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Mechanisms and Consequences of Attributing Socialness to Artificial Agents

Objective

Understanding how we perceive and interact with others is a core challenge of social cognition research. This challenge is poised to intensify in importance as the ubiquity of artificial intelligence and the presence of humanoid robots in society grows. By innovatively combining psychology, neuroscience and robotics, the SOCIAL ROBOTS project helps prepare us for this future by (1) establishing a new approach for understanding how the human brain processes and responds to interactive robots; (2) delineating the factors influencing how representations of robots and humans are shared at brain and behavioural levels; and (3) exploring how these findings inform the now-rapid development of social robots. To achieve this, we first investigate how young adults perceive and interact with humans vs. robots, the role of physical features and training experience, and the extent to which brain regions mediating social interaction with humans also support robot interaction. Next, to test the role of experience-dependent plasticity on social cognition, we assess how brain and behavioural flexibility toward robots manifests among young children and older adults. Finally, we explore cultural influences on shared representations of humans and robots by extending the first project phase to Japan, the world’s most robotics-rich nation. The SOCIAL ROBOTS project tests a dominant hypothesis of social cognition and is expected to lead to a novel conception of the neurocognitive architecture supporting human-robot interaction. Neuroimaging and behavioural measures will offer detailed and nuanced insights into how brain mechanisms supporting social engagement with people are used when interacting with robots, and how different kinds of experience (e.g. training, lifespan, cultural) influence such engagement. The planned studies and those generated during the project will enable the SOCIAL ROBOTS team to become a world-leading group bridging social cognition, neuroscience and robotics.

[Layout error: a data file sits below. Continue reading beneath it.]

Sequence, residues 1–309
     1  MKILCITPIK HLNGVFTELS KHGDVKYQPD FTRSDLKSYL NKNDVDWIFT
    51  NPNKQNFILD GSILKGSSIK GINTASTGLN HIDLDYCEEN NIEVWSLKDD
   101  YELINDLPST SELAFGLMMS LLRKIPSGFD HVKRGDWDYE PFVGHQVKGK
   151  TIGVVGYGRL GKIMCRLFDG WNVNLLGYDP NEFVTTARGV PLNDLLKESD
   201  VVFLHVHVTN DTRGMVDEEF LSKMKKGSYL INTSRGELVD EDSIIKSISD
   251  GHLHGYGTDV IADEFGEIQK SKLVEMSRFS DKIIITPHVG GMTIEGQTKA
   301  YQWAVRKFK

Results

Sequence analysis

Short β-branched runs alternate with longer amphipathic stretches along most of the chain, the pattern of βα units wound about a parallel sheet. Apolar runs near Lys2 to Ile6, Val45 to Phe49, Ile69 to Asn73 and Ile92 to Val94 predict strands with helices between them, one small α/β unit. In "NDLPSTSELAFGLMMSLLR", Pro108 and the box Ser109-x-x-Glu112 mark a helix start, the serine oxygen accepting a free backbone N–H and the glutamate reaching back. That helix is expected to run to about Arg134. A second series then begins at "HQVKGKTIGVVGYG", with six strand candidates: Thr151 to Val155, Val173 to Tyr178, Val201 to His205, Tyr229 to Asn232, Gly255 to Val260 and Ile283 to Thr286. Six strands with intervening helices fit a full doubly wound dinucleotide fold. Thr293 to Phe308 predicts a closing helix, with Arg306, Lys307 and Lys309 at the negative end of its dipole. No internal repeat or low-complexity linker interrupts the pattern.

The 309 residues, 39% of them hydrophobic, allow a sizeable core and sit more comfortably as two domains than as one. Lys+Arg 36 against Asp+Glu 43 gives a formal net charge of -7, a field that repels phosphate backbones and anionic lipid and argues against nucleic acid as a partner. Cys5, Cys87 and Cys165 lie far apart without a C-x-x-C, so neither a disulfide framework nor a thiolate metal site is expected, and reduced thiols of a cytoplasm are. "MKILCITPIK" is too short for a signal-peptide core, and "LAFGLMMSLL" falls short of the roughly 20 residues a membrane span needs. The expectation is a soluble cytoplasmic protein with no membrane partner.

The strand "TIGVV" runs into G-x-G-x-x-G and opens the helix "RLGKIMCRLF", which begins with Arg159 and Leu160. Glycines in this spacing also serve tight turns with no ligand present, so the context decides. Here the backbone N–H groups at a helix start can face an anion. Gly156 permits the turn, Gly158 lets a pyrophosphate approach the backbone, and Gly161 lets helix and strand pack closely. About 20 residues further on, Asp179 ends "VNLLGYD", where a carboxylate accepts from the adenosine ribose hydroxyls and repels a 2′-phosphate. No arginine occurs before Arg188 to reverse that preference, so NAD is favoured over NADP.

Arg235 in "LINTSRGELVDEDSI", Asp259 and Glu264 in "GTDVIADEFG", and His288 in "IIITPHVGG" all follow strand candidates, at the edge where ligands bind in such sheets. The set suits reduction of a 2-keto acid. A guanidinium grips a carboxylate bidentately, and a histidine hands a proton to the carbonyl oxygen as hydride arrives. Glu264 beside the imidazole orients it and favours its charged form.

Host institution

UNIVERSITY OF GLASGOW
Net EU contribution
€ 1 623 268,00
Address
University Avenue
G12 8QQ Glasgow
United Kingdom

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Region
West Central Scotland Glasgow City
Activity type
Higher or Secondary Education Establishments
Other funding
€ 0,00

Beneficiaries (2)

UNIVERSITY OF GLASGOW
United Kingdom
Net EU contribution
€ 1 623 268,00
Address
University Avenue
G12 8QQ Glasgow

See on map

Region
West Central Scotland Glasgow City
Activity type
Higher or Secondary Education Establishments
Other funding
€ 0,00
BANGOR UNIVERSITY

Participation ended

United Kingdom
Net EU contribution
€ 185 732,00
Address
College Road
LL57 2DG Bangor
Region
Wales West Wales and The Valleys Gwynedd
Activity type
Higher or Secondary Education Establishments
Other funding
€ 0,00